It’s a significant shift away from the single-minded strategies of standardisation long favoured at large global retailers, which traditionally focused on fine-tuning their store formats, merchandise mix, marketing and other elements of their formulas, before rolling them out across the world with rigorous consistency. “There was a period where retailers felt they wanted to create a universal experience and now they’re recognising that you don’t want to have a commodity business in every single location,” said Marshal Cohen, chief industry analyst at the NPD Group, a market research company. “What you need is to make it special and unique.”

To drive growth, Uniqlo must win over the world beyond its home country, where the company operates over 840 stores and has saturated the market. The brand has made considerable progress in Asia, but faces challenges in Europe and the United States. “The goal is to be relevant,” explained Jay. “We are a Japanese company trying to be relevant around the world and we’re going to do that by joining forces with many different cultures around the world. In order to be a great global company, you have to be a great local company, because you have to touch people where they live.”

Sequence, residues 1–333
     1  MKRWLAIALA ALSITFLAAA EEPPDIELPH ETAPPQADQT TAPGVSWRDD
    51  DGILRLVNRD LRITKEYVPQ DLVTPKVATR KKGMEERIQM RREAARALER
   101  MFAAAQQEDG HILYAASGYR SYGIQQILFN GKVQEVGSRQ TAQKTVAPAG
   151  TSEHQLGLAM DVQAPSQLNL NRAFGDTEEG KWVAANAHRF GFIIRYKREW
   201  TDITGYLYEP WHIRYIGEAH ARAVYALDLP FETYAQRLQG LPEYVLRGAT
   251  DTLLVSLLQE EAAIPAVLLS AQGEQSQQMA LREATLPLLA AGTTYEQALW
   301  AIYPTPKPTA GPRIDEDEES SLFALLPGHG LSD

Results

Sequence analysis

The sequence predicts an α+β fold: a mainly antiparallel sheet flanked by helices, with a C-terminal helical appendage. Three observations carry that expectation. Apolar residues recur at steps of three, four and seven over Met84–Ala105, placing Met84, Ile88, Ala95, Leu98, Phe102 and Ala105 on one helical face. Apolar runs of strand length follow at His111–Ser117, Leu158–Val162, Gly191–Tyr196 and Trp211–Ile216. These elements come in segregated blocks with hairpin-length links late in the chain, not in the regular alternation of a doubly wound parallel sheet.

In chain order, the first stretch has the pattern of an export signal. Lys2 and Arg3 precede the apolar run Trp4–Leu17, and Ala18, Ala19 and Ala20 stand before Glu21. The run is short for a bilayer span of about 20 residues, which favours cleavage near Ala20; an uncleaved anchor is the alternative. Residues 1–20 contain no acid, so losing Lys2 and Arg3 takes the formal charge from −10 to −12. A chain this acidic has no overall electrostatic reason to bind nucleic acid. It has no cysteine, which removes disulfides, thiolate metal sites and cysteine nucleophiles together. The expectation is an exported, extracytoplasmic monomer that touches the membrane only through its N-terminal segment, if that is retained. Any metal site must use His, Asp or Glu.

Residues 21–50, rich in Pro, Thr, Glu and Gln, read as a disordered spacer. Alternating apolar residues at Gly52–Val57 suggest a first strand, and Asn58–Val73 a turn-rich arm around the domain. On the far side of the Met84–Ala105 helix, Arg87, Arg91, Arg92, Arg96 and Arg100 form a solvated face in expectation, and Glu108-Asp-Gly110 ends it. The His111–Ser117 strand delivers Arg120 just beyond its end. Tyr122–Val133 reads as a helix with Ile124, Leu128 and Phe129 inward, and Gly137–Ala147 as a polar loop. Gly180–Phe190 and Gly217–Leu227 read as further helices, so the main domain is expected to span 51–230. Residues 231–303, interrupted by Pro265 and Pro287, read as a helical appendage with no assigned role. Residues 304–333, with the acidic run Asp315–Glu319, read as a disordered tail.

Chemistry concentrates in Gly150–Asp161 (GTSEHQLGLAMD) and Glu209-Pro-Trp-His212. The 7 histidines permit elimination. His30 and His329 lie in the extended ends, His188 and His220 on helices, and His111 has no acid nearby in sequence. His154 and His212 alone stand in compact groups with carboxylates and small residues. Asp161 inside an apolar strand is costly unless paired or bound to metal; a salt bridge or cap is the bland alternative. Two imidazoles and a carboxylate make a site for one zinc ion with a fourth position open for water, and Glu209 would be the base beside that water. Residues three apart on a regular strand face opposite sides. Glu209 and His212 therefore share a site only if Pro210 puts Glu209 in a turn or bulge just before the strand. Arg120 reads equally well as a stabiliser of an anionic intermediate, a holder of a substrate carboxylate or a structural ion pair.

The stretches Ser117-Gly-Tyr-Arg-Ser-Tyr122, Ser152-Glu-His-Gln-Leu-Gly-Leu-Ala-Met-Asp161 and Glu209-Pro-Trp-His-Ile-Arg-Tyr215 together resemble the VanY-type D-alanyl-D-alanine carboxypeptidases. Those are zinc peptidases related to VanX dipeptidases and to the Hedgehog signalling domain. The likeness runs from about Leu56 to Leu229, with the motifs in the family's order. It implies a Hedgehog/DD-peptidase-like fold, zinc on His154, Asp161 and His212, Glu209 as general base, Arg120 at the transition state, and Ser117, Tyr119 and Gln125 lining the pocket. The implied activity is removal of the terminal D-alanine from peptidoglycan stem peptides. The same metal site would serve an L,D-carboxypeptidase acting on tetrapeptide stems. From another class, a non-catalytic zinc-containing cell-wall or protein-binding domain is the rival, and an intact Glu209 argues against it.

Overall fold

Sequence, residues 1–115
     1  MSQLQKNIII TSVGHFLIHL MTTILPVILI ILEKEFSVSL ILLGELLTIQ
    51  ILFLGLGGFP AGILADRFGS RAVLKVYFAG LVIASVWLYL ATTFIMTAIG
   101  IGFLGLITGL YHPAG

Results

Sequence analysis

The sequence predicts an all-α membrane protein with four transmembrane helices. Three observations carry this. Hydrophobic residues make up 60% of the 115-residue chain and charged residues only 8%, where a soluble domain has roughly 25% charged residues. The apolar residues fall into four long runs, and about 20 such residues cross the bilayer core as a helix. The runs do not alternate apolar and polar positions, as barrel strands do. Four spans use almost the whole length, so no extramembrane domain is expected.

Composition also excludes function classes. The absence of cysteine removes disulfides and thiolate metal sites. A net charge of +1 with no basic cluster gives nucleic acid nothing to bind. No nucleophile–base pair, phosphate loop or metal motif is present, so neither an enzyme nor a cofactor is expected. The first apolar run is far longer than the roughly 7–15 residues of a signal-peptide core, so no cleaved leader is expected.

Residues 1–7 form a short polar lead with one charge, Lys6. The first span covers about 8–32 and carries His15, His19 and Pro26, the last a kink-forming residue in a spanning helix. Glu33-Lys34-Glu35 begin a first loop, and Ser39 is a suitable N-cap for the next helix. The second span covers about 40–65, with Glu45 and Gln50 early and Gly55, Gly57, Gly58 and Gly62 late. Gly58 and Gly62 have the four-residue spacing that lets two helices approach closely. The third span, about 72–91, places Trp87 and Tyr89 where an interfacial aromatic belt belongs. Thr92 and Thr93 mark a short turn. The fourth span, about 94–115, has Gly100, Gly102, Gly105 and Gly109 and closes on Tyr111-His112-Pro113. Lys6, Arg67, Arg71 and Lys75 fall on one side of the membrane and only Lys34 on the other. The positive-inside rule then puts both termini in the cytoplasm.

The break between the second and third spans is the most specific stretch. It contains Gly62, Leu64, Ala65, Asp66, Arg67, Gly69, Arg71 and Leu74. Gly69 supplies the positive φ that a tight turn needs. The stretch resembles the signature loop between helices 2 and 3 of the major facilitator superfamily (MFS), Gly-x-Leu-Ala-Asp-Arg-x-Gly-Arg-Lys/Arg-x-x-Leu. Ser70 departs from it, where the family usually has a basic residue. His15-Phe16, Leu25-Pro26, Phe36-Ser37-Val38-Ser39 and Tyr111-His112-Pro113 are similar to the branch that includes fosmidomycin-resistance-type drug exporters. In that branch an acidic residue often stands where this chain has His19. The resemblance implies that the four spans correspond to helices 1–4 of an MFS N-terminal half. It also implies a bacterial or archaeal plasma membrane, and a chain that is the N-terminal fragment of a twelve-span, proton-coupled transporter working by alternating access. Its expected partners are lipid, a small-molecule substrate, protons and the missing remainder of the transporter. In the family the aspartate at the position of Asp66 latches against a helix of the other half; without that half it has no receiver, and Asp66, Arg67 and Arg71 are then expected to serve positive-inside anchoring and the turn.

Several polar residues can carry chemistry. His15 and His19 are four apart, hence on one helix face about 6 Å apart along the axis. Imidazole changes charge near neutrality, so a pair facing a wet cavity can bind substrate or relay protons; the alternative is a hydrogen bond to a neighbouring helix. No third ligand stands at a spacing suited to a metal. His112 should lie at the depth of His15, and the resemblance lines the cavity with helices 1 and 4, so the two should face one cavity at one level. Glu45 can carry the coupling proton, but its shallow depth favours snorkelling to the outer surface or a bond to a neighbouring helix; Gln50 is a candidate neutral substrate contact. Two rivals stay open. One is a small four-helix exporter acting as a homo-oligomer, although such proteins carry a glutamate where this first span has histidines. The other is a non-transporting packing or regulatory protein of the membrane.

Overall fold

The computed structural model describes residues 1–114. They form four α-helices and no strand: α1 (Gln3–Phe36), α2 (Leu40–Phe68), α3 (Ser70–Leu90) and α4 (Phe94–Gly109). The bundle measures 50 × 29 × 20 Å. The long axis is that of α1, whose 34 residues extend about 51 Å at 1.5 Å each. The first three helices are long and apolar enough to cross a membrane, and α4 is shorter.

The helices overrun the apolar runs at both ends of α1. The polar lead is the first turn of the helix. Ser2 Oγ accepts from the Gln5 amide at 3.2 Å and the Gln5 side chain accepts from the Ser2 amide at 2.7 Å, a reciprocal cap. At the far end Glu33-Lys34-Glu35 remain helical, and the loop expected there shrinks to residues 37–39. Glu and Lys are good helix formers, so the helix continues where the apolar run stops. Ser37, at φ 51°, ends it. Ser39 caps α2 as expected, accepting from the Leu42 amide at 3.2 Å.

Uniqlo’s London store opening was accompanied by partnerships with local cultural institutions like Tate Modern and NTS Radio, as well as a major advertising campaign casting the city as a “creative utopia” and featuring a group of local “cultural ambassadors” including BBC Radio 1 DJ Benji B, British-Japanese Muslim fashion designer Hana Tajima and Kiev-born model and photographer Cate Underwood.

Of course, in London, the world’s second most visited city, where a quarter of residents are foreign-born, local is very much global. “It’s this constant, cultural mix that’s so important to this city. In many ways, in light of what’s happening in the world, it’s a very important statement to be supportive of that diversity,” said Jay. “There’s such a refreshing note about being positive right now — just being positive.”

It’s a sentiment that reflects the company’s efforts to create deeper meaning around a brand that casts itself as an enabler of all people and lifestyles. As well as local hubs, Uniqlo aims to turn its largest flagships into portals from one culture to another. “In London there may be events and other things that originate from Tokyo or New York, and in Tokyo there may be things that originate from the London store,” explained Jay.

Success will come down to talent, he said. “We as a company need to be really good at understanding other cultures. It’s always about people. We have to hire the most curious and smart people who are multi-dimensional and multi-disciplined.”

Superheroes in Their Communities